Church of England vote to allow women bishops could be derailed

July 3, 2012

(Members of the Church of England General Synod attend the opening at Church House in London February 6, 2012 . REUTERS/Finbarr O'Reilly )

A vote to allow women bishops in the Church of England looks set to be derailed by its own supporters, who say a last-minute concession to conservative opponents is a step too far.

Pro-women bishop campaigners want a final vote at the church’s General Synod, or parliament, on Monday to be delayed so the amendment can be sent back to the House of Bishops for reconsideration.

Before the amendment, future women bishops would have been obliged under a code of practice yet to be written to find a “suitable” alternative male bishop for dissenting parishes.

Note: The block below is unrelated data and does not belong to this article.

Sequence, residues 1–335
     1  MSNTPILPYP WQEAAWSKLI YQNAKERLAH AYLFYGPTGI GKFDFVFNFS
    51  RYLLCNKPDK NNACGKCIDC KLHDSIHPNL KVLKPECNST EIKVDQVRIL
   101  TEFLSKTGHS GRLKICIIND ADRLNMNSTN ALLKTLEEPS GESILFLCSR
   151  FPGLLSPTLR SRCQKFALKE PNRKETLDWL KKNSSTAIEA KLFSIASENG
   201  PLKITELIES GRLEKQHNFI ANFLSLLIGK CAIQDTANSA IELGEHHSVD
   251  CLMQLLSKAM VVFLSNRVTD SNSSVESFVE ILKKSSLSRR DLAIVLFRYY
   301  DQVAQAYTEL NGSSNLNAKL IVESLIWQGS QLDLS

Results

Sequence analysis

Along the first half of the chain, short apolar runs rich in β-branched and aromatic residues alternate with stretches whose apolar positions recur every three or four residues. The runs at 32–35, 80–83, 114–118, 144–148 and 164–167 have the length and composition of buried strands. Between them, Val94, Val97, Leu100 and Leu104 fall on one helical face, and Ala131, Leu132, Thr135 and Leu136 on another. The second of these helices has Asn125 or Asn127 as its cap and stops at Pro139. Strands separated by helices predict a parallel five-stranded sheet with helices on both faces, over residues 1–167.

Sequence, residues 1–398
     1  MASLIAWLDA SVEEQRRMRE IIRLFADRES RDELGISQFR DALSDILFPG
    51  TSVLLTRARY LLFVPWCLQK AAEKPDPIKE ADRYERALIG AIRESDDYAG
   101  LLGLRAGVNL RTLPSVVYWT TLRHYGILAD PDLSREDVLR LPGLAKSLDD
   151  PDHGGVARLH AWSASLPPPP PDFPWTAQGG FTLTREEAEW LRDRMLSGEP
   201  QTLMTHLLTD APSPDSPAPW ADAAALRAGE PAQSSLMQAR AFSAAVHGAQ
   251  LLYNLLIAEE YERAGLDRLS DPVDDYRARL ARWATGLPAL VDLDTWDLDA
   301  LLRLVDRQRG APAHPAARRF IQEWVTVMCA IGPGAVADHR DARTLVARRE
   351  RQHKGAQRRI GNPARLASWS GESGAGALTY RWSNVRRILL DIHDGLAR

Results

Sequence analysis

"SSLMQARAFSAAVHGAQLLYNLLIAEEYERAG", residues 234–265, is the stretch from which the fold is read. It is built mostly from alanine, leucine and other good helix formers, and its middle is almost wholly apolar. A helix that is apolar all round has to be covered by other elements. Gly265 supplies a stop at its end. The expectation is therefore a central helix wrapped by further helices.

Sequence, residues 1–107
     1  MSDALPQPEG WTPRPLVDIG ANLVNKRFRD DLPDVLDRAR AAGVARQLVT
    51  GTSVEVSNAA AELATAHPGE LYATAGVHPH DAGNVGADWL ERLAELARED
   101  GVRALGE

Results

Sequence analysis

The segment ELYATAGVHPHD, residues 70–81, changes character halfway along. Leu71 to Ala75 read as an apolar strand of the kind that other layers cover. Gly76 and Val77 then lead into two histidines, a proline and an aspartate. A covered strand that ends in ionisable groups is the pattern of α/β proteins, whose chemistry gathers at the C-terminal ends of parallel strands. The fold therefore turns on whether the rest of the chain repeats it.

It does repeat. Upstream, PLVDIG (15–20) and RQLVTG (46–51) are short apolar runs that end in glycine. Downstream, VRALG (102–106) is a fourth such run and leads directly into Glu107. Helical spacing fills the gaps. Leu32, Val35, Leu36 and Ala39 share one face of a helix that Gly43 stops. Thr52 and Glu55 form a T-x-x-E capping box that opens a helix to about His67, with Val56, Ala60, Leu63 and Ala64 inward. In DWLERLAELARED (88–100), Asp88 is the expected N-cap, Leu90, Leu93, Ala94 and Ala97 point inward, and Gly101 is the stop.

The amendment would go further, requiring them to find one who “shares the same theological convictions” as the dissenting parish.

Critics of the amendment say the change suggests a future woman bishop could not be trusted to appoint a suitable alternative male bishop for those parishes who request one.

Rachel Weir, chairwoman of WATCH, a group that campaigns for women bishops, said: “There is something deeply offensive about needing to put in something saying ‘well, we don’t trust you to do this so we’re going to make sure you do’ in the legislation. What that says is quite shocking really.”

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